Screening: this is the biggest problem and challenge for a new landlord. And where they will loose money!!! This is where you make or loose money in any rental class, but ESPECIALLY in mobile homes. We are caring and likeable landlords that want the best for our tenants. We know its a 2 way street and we do our part to help launch a successful tenant with a nice home, a path to ownership and me being responsive to fix it needs. But even my honed criteria has failed a few times and we’ve lost a lot of $$ and had to evict. The following are the distilations of a few years of landlording over mobile homes.

    – have written qualifications and to make it simple put them at the bottom of every for rent ad.
    – Must have good jobs, take home 3x the rent or $NNN. I call to verify.
    – must have a bank account with the move in amount today.
    – good references from your current and previous landlord
    – No prior evictions or charge offs in your credit report.

    I don’t care about fico, but do care about credit cards or auto loans that went into collections. I use for my eviction/credit check. Its a pain to setup.

    Tips: you will be shocked at how few applicants have bank accounts or savings. Someone with good jobs, verified take home >3x the rent AND a bankaccount has a likelihood of being a stable renter. You WILL be forced to take renters into MHs without bankaccounts. This is just a fact, but you need to double check their jobs and cash savings and their story as to why they are leaving their current place and why they want your place.

    Things to never do:
    – Never accept a renter in week 4 of the month for move in on the 1st. NEVER do this. They are squeeking out of an eviction situation or at the least they are poor planners. These folks rarely work out and they will leave in the miiddle of the night on you.

    – Never take large lump sums up front for no rent payments for a few months. You will never see another nickel from these folks. Take large deposits but call it security deposits and they must pay rent every month to keep them managing their monthly cash.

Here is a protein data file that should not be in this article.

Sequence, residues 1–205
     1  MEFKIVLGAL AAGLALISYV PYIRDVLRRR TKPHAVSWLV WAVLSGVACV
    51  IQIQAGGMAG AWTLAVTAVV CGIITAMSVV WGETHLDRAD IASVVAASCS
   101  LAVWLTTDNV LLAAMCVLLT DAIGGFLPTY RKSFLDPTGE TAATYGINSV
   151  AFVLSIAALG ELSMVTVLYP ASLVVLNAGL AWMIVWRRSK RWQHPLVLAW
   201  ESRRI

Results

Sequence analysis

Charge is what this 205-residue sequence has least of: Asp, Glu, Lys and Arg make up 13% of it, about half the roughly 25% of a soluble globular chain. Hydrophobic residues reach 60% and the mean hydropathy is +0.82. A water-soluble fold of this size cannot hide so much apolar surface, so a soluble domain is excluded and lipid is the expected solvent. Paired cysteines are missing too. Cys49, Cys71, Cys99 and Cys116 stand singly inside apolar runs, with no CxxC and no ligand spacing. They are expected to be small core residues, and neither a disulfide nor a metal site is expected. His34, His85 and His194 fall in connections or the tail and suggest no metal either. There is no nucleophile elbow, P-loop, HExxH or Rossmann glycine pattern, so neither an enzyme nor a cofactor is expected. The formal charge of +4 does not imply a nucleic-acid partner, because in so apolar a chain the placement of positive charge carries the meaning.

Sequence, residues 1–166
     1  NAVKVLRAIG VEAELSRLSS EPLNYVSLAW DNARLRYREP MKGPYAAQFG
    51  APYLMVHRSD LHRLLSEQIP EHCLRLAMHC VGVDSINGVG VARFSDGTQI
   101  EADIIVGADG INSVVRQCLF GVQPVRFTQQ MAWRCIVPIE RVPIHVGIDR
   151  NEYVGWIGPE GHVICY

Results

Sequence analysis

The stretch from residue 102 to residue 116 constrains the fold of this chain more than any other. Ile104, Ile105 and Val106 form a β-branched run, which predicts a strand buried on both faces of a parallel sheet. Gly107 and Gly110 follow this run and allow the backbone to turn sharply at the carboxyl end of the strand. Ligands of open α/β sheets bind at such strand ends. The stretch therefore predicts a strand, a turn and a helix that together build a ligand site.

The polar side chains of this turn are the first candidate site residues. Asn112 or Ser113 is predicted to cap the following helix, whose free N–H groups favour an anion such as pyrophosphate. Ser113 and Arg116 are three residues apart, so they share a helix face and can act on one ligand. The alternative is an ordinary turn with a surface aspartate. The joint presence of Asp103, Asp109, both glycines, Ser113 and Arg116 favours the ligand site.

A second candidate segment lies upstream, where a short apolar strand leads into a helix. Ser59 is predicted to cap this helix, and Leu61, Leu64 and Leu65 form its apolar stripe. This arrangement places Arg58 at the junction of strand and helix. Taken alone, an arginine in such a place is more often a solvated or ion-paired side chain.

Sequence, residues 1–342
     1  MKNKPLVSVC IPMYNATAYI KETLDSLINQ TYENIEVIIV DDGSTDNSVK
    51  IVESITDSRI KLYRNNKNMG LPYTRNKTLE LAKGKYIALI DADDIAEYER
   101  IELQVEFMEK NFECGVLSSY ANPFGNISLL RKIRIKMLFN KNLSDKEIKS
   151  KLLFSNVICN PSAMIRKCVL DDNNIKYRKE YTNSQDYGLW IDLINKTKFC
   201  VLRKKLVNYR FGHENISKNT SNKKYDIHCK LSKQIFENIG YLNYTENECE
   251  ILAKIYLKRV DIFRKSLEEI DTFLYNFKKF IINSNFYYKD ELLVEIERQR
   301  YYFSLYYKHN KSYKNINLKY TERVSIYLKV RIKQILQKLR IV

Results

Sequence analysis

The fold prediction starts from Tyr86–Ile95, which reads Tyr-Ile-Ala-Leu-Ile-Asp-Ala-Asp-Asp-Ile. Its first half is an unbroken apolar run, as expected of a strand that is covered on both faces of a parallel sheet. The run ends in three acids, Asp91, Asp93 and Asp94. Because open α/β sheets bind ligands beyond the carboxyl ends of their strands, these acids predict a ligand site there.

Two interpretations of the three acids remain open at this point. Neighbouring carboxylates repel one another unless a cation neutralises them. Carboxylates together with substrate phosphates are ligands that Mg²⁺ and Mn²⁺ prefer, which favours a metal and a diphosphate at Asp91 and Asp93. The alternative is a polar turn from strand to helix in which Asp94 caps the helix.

– Always drive by their current place. Look for beer cans strewn about. This is funny. I’d not worry much about tenants who drink beer from glass. The problem tenants gravitate toward 24oz bud light and A LOT of them. 🙂 You’ll not get regular rent from the 24oz beer drinkers! Look into their vehicle as you walk them out to their car. It must be clean. Full of trash that’;s how your rental will end up looking.

    – Be firm with when you file eviction. We’ve failed this one on 2 renters and we ended up loosing a lot of money to their excuse making. You have to be extremely firm: rent is late by the 5th, and litterally you have to file for eviction by the 11th. Look for “private servicers” who will door knock the next day after filing. You can’t afford to wait 2 weeks for the sherrif to serve your eviction. Let them stay if they make up arrears AND the eviction filing cost. Put them out quickly is the simplest advice I can offer.

    Tip: what has worked well for me is asking: “why do you want to rent this place?” I’m looking for: my dad lives a mile away, I want to stay in the same school system. You get the picture, “stickiness” helps make for a successful renter. I always pick tenants who aren’t commuting long distance to live in my places. That never works out for long.

    • “cheapest but black appliances as “the upgrade”.” Well, maybe not black, but white appliances. I also favor the cheapest model of the good quality brands, like Kenmore. If cheapest is the only criteria, you may be replacing appliances too often.